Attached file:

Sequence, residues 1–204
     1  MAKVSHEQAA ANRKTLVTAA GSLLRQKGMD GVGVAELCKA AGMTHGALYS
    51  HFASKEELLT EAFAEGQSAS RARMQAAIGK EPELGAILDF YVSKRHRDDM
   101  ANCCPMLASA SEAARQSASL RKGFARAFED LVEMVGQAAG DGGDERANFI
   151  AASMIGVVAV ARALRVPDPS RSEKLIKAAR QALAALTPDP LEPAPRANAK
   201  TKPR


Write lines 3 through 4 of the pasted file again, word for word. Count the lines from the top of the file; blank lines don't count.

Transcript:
    51  HFASKEELLT EAFAEGQSAS RARMQAAIGK EPELGAILDF YVSKRHRDDM
   101  ANCCPMLASA SEAARQSASL RKGFARAFED LVEMVGQAAG DGGDERANFI